Joe Srholez

Colorado Artist + Wood Sculptor

If it’s made of wood (or ice), Joe Srholez can carve it. A Colorado resident since 1989, Srholez is an artist, wood sculptor and performance wood and ice carver who is inspired by travel, landscapes and culture. Before founding Sweetwater Trading Post in 2009, he honed his chainsaw skills during the two decades he spent building log homes.

“I was sitting on a log reading blue-prints and decided to carve a saddle into the log to make it more comfortable,”Srholez remembers. “Then, I carved abstract shapes into it, and my interest in wood design continued from there.”

A true artist of nature who occupies his own niche in an industry that requires the utmost precision and expertise, Srholez’s dedication to his craft runs deep. His grandfather — a master gold, silver and coppersmith who created pieces for Tiffany and Co. and Cartier — is one of his major influences. Although his grandfather’s creations were a bit different, Srholez says their simplistic yet intricate design sense is similar.

“His attention to detail was unbelievable, and that’s important to me as well,” he explains.

In 2015, when chainsaw carving was still a hobby, Srholez signed up for the Minturn Farmers Market where he sold Colorado flags, flowers and abstracts — all made of wood. Although setting up and breaking down his booth each week was laborious, Srholez describes it as a good learning experience for future shows.

Big Change, New Gig

An avid snowboarder and snowmobiler, Srholez was in a sledding accident in 2016, which caused severe head trauma. After he recovered, he decided to get out of the log home construction business and give full-time carving a shot.

“I didn’t have a plan, which was rough financially at first,” Srholez explains. “But in the spring of 2017, I heard about a chainsaw competition in Rifle and went to check it out. I thought it was going to be all bear carvings — which I didn’t want to do, because everyone else was doing it — but I was wrong. It was so much more.”

The chainsaw competition was Carve Wars — an event that invites chainsaw artists to compete against each other and carve authentic pieces over three days. Once completed, the pieces are sold in a live auction, giving spectators a chance to purchase original art after watching it being made.

“Participating in that first Carve Wars event changed everything,” remembers  Srholez. “I saw how fast people were carving and how much they were selling because of their pace.”

Learning From The Carve Pros

After Carve Wars, Srholez became ingrained in the carving world. He met Rustic Arts owner Ken Braun, who became his travel partner to events like Chainsaws & Chuckwagons in Frederick and Bear Hollow’s exhibition carving shows that take place across the United States. Srholez also met Joe Wenal, who owns Carve Wars and introduced him to more shows like Whittle the Wood in Craig.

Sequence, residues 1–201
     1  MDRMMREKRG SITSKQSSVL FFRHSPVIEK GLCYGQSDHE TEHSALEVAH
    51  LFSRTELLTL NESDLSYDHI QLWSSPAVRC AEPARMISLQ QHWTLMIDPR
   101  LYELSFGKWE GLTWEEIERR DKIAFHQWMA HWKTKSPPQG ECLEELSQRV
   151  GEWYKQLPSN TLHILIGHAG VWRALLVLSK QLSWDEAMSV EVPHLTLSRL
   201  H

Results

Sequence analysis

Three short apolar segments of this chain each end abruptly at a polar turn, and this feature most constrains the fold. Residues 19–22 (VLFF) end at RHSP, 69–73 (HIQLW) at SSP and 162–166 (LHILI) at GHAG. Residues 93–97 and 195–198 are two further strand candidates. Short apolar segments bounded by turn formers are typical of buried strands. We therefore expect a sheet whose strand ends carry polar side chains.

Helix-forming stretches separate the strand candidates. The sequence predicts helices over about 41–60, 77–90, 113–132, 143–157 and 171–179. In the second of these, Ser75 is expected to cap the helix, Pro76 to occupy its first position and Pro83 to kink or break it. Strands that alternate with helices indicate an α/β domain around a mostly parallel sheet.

“I met some of the top carvers in the world and was invited to learn from them,” he says. “It was like going to carve school, and, after absorbing their knowledge, I won my first competition.”

In 2018, Srholez won Carve Wars in Eagle. In 2019, he won Carve Wars in both Eagle and Durango and placed second at Chainsaws & Chuckwagons. He continues to be part of the carving competition circuit, participating in 12 show this year.

“I’m creating pieces and competing at these events, but I’m also putting on a show,” Srholez explains. “After doing it a few times, I realized that I enjoy performing in front of an audience.”

Wood + Ice

Since carving shows are seasonal (mostly happening in the summer, early fall and late spring), Srholez spends winters building inventory, taking custom orders and ice carving — a skill he learned after meeting world-renowned ice sculptor Scott Rella. Trained at the New YorkAcademy of Art, Rella represented the United States in ice carving at the 1994 and 2002 Olympic Games.

“I started performance ice sculpting in 2017 and have learned so much from Scott,” Srholez says. “Now, I do sculptures around the country — from Beaver Creek to Las Vegas to Banff, Canada.”

When Srholez isn’t on the road, he is working in his Sweetwater studio in Gypsum. While he welcomes visitors by appointment, Sweetwater Trading Post is not a retail shop; it’s a place for people to see Srholez’s pieces and discuss custom orders. Eventually, Srholez would like Sweetwater Trading Post to become a place where artists show their work to fellow artists and the public.

“The most significant difference between the construction world and the art world is in construction people ask, ‘When will you be finished?’ which gets old,” he says. “Conversely, in the art world, people say, ‘Wow, what a cool piece,’ and that’s very much appreciated.”

Srholez adds, “I’m happy that people like what I do. I’m also glad that people are buying art and supporting the arts in general. It’s all extremely important.